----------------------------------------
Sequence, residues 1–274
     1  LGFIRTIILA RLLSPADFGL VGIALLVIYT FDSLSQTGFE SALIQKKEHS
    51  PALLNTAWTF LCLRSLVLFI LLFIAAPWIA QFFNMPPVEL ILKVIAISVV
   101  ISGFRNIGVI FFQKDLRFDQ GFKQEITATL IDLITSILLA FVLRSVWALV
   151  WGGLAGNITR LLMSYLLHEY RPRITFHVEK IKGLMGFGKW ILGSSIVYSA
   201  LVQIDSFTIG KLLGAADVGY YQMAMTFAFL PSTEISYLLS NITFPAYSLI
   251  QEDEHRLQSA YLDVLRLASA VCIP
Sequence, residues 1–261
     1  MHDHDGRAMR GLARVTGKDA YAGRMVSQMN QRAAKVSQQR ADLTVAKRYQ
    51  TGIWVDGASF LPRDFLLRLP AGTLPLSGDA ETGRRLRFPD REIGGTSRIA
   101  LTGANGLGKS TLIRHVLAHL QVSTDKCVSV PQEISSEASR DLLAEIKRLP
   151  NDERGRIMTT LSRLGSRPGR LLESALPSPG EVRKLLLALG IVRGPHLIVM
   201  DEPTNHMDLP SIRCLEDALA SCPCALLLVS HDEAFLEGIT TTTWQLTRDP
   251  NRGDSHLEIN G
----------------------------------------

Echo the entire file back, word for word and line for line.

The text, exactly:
Sequence, residues 1–274
     1  LGFIRTIILA RLLSPADFGL VGIALLVIYT FDSLSQTGFE SALIQKKEHS
    51  PALLNTAWTF LCLRSLVLFI LLFIAAPWIA QFFNMPPVEL ILKVIAISVV
   101  ISGFRNIGVI FFQKDLRFDQ GFKQEITATL IDLITSILLA FVLRSVWALV
   151  WGGLAGNITR LLMSYLLHEY RPRITFHVEK IKGLMGFGKW ILGSSIVYSA
   201  LVQIDSFTIG KLLGAADVGY YQMAMTFAFL PSTEISYLLS NITFPAYSLI
   251  QEDEHRLQSA YLDVLRLASA VCIP
Sequence, residues 1–261
     1  MHDHDGRAMR GLARVTGKDA YAGRMVSQMN QRAAKVSQQR ADLTVAKRYQ
    51  TGIWVDGASF LPRDFLLRLP AGTLPLSGDA ETGRRLRFPD REIGGTSRIA
   101  LTGANGLGKS TLIRHVLAHL QVSTDKCVSV PQEISSEASR DLLAEIKRLP
   151  NDERGRIMTT LSRLGSRPGR LLESALPSPG EVRKLLLALG IVRGPHLIVM
   201  DEPTNHMDLP SIRCLEDALA SCPCALLLVS HDEAFLEGIT TTTWQLTRDP
   251  NRGDSHLEIN G